Soaring housing prices, budget under pressure, automation. In its latest report, the Organisation for Economic Cooperation and Development paints an alarming picture of the French middle class. EURACTIV France’s media partner La Tribune reports.
“Demotion”, “class disappearance”, “impoverishment”. There are many words to describe the situation of the middle class. According to the latest OECD report published on Wednesday 10 April, the middle class in developed countries has shrunk over the past three decades.
It has dropped from 64% to 61% of the total population. While almost 70% of baby boomers were part of middle-income households in their twenties, only 60% of millennials are part of it today.
“The middle class’ economic influence and role as “economic centre of gravity” has weakened.
“Thirty years ago, the aggregate income of all middle-class incomes was four times higher than the income of the upper-class. Today, it is only three times higher.”
For the authors of the report, “among OECD countries, except for a few countries, middle-class incomes are barely higher today than they were ten years ago, increasing by just 0.3% per year, a third less than the average income of the richest 10%.” At the same time, “the cost of a middle-class lifestyle has increased faster than inflation”.
In France, the middle class has often generated debates and controversies in the political arena and among economists and sociologists. In 1988, sociologist Henri Mendras spoke of “the growing of the middle class” between 1965 and 1985.
Thirty years later, sociologist Louis Chauvel referred in his sometimes-contested essay ‘La spirale du déclassement’ (‘Declassification Spiral’) to the erosion of this social class since the end of the post-war economic boom.
French Finance Minister Bruno Le Maire explained that “the yellow vest crisis is rooted in a deep concern by the middle class about the risk of demoting, working with insufficient pay […] Our line, with Gérald Darmanin (Minister of Public Action and Accounts, Ed.), is to pay the greatest attention to the working middle class.
As the government tries to quell the anger of the “yellow vests”, the OECD publication paints a bleak picture.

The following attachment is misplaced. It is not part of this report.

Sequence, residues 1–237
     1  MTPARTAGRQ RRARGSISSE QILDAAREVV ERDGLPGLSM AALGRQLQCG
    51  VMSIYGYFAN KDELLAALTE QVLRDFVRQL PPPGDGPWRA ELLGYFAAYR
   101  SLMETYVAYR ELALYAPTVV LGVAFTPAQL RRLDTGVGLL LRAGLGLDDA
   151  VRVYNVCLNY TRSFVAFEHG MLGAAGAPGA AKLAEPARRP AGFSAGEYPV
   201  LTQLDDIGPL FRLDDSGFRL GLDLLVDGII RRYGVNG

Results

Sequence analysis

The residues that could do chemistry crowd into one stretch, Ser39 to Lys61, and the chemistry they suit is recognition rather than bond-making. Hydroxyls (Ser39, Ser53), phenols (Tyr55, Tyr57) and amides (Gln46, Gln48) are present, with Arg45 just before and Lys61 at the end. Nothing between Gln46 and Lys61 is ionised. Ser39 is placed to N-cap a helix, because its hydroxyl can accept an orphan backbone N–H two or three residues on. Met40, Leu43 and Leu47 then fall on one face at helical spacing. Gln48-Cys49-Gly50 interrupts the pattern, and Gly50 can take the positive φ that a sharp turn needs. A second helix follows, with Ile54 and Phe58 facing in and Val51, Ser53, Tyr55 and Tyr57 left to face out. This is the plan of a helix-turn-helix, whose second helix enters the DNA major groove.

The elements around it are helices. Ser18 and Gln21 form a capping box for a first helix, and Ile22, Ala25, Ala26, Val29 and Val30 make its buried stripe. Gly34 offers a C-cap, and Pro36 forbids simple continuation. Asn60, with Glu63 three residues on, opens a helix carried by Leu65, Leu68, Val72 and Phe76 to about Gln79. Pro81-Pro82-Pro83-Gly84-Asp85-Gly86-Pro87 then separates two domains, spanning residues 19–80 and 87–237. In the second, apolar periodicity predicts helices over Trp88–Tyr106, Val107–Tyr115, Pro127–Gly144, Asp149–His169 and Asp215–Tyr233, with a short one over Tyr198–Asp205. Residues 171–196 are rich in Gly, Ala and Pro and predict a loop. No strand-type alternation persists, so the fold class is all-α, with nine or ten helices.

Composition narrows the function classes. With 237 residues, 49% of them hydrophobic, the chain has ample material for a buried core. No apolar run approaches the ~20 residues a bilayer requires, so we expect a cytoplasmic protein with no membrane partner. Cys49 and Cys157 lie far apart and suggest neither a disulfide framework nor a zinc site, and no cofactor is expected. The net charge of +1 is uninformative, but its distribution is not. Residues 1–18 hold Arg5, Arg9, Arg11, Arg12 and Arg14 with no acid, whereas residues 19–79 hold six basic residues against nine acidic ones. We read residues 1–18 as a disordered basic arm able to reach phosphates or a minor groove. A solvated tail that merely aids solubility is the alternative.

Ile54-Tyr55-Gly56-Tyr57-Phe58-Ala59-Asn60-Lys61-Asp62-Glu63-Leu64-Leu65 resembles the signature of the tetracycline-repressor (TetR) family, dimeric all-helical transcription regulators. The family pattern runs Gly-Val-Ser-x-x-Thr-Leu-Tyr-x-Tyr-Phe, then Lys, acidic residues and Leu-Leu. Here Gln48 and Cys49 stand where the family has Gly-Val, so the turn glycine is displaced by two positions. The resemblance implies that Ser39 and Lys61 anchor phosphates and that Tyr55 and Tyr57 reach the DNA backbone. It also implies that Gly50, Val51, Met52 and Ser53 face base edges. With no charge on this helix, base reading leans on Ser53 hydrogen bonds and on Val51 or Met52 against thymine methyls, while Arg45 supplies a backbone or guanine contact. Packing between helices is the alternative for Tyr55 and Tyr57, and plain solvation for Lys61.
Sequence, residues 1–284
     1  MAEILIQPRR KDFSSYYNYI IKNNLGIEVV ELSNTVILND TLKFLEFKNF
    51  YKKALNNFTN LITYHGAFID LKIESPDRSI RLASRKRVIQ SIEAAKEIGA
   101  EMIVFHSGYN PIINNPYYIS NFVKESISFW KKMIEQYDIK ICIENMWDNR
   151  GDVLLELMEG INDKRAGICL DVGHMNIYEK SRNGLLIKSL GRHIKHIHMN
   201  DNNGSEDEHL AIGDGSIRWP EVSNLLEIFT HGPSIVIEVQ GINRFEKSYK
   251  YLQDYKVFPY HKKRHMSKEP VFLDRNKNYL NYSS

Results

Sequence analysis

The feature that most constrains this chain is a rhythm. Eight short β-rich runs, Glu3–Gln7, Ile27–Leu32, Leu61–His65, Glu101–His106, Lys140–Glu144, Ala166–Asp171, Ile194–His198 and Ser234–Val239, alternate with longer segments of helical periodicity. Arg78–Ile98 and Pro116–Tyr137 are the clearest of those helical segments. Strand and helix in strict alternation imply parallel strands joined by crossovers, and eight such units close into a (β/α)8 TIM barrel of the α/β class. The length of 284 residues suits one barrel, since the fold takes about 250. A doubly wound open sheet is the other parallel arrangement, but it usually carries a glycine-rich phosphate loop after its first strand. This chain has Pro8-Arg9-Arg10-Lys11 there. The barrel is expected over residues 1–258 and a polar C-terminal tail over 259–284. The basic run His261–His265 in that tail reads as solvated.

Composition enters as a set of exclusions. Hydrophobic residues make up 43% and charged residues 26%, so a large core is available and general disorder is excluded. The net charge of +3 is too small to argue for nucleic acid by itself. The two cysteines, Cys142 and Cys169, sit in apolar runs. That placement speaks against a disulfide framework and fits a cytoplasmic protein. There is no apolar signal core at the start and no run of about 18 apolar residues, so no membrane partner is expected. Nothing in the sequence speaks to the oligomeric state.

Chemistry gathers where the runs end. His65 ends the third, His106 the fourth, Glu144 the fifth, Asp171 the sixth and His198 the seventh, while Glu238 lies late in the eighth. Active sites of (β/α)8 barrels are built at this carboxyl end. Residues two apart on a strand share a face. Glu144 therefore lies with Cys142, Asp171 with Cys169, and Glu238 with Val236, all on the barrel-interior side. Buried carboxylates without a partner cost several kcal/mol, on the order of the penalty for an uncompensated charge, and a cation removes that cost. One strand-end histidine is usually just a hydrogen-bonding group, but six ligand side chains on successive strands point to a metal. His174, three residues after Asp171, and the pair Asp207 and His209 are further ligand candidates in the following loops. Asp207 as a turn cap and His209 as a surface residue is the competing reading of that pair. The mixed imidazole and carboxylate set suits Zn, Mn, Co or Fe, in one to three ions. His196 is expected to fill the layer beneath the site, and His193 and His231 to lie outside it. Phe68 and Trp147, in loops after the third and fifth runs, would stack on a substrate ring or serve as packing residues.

A French middle class that is still large
OECD economists estimate that the middle class earns between 75% and 200% of the median income. In France, the yearly median income is €21,415. To compare, it amounts to €16,153 in the EU according to recent data from the French National Institute of Statistics and Economic Studies (INSEE).
In France, the size of the middle class compared is well above the OECD average at 68% of the total population compared to 61% in other OECD countries.
High-income households (with more than 200% of the median income) average at 6% of the total population compared to 9% in OECD countries.
Difficulties in making ends meet
To understand frustration among the middle class, the OECD pointed out that the proportion of households reporting difficulties in making ends meet is higher than the average in OECD countries (52% versus 47%).
This gap is even starker for low-income households, with a difference of 11 points between France and other OECD countries (81% versus 70%). On the other hand, the results are similar for high incomes, regardless of the geographical area.
Soaring housing prices
Soaring housing prices over recent decades have negatively affected the budgets of households.
“Housing prices have increased much faster than median incomes,” explained the authors of the report.
In Paris alone, the average price per square metre surpassed €10,000 in the first quarter of 2019, according to recent data from the real estate group Century 21. And despite fears raised by the months of protest, prices in Paris have continued to increase, including in more tense areas.
Access to homeownership for young households has deteriorated since the 1970s. According to a Banque of France note, this phenomenon has worsened “for households aged 25 to 44 with the lowest incomes”. In 1973, 34% of them were owners compared to 16% in 2013, a 50% decrease.
However, the rate of homeownership among young and wealthy households increased from 43% to 66%, a 50% increase.
Risks of automation
Pressure on the middle class is also very present on the labour market. According to latest OECD estimates, “one in six middle-income workers are in jobs that are at a high risk of automation in France, close to the average for OECD countries”.
Although there is no consensus on the impact of automation on the labour market, many jobs are expected to change in the coming years. This is likely to increase the polarisation of the labour force that is already underway in many developed countries.
In his book ‘Inequality in the world’, the economist Branko Milanovic, recalled that:
“Rich countries’ workers are squeezed between their own countries’ top earners, who will continue to make money out of globalization, and emerging countries’ workers, whose relatively cheap labour makes them more attractive for hiring.”